Reporter Dexter Filkins has covered the biggest news stories of our time. He chronicled the rise of the Taliban in the 90s, was in New York on 9/11, then covered the war in Afghanistan, and after that he was in Iraq.

Filkins says this about the differences between Iraq and Afghanistan:  "If you take Iraq, it's flat, brown, kind of monochromatic, unbelievably hot; I mean the heat there is just exrtaordinary.  But it is also a very educated, pretty wealthy, sophisticated place."

"And when you go to a place like Afghanistan, when you get off of the helicopter there, you look out and it feels like you have landed literally in the 9th Century.  The literacy levels are extremely low.  You can go into villages, any villages, really, unbelievably undeveloped--no electricity, no running water.  And that just makes for an entirely different experience.  I should say it is sort of that on one hand, and then the landscape, which is stunningly beautiful.  So, an entirely different war for that reason, too."

There are two conversations taking place in Iraq, says Filkins. He says, "What became apparent to me when I was in Iraq, and I was there for almost four years, was that the Americans would come through a neighborhood, they would knock on somebody's door, they would pass money out, they would put up a new school or pump station.  All of the Iraqis would gather around and say, 'Thank you, thank you! We love America!'"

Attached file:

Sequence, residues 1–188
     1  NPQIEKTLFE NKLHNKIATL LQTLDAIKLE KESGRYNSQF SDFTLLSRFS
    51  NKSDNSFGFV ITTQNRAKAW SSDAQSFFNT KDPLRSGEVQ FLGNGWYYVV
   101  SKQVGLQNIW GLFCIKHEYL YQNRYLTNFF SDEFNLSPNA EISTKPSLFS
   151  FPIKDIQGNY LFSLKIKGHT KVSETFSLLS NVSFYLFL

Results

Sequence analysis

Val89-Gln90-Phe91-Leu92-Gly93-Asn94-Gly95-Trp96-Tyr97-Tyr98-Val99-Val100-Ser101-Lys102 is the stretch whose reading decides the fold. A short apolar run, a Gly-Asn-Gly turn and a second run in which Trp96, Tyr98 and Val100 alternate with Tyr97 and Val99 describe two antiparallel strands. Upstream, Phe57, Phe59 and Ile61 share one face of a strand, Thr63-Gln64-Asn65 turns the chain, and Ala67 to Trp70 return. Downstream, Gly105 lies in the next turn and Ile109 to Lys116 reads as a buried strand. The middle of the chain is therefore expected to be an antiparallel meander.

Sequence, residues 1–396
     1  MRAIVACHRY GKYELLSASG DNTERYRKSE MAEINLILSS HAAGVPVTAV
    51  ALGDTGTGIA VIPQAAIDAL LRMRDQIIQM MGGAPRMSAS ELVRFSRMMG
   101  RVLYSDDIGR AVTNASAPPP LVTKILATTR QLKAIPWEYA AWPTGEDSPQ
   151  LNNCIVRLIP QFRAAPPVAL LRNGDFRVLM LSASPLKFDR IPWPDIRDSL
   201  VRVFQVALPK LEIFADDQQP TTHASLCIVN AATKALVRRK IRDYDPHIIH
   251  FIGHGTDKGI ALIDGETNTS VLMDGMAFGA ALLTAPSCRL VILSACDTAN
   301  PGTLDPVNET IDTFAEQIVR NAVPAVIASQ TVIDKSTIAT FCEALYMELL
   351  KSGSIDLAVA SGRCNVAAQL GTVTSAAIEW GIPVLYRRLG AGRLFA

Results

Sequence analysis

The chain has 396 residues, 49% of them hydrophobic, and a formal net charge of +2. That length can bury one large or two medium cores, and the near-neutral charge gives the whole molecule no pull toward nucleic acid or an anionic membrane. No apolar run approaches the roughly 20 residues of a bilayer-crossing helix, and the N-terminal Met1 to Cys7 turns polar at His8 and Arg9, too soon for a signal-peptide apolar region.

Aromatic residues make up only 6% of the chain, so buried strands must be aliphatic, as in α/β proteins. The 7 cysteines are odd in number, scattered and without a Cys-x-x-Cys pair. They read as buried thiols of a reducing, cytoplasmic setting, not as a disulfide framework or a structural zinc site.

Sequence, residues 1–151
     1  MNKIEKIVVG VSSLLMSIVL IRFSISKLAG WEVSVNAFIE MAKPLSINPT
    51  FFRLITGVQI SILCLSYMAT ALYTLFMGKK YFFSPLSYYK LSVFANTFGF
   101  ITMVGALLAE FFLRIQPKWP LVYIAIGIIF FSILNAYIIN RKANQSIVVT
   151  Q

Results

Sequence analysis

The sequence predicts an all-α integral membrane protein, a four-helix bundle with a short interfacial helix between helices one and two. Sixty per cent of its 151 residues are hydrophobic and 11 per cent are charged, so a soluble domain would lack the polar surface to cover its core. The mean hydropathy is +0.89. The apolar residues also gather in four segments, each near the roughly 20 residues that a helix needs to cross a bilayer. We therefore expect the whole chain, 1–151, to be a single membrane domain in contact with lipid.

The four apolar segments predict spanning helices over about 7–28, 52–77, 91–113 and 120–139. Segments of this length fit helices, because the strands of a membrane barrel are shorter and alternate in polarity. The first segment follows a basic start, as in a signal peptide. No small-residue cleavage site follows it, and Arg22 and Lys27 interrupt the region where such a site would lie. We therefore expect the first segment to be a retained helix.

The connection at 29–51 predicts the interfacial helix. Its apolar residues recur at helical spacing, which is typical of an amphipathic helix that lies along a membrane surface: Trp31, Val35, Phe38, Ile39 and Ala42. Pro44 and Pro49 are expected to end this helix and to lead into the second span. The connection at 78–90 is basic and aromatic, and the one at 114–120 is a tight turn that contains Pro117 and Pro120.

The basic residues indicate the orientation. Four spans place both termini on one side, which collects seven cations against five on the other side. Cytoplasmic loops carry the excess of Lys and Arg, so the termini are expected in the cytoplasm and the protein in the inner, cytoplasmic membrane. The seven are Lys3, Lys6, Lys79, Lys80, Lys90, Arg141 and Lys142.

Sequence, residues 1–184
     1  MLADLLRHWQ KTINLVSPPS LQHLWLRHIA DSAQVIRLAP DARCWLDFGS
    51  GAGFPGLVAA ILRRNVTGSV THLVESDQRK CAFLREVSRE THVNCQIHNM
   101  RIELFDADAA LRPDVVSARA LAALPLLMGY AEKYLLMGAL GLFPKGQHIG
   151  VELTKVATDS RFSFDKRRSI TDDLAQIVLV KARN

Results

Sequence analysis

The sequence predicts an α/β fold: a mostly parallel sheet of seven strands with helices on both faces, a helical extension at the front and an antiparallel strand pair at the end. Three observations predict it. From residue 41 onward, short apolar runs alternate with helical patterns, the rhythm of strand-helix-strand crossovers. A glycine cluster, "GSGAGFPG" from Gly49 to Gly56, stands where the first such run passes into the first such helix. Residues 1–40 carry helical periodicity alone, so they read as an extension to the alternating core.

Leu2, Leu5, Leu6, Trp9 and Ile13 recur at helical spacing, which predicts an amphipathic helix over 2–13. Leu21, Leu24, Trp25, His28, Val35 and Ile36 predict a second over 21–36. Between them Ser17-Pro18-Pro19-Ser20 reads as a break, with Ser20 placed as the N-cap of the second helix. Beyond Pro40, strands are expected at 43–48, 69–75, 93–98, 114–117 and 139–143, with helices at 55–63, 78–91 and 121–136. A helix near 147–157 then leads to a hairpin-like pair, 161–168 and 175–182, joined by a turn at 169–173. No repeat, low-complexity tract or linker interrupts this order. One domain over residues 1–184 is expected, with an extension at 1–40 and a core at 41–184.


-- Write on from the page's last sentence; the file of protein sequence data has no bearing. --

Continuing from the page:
"Then the Americans would go home at night time, and that is when the insurgents ran the place.  They would come knocking on the doors of those people that had been speaking to the Americans.  What I learned from that was this kind of very strange, almost like a parallel universe.  And sometimes, occasionally, I think because I didn't have a uniform on and because I wasn't carrying a gun, I would glimpse that.  I would get a short glimpse into that parallel universe."

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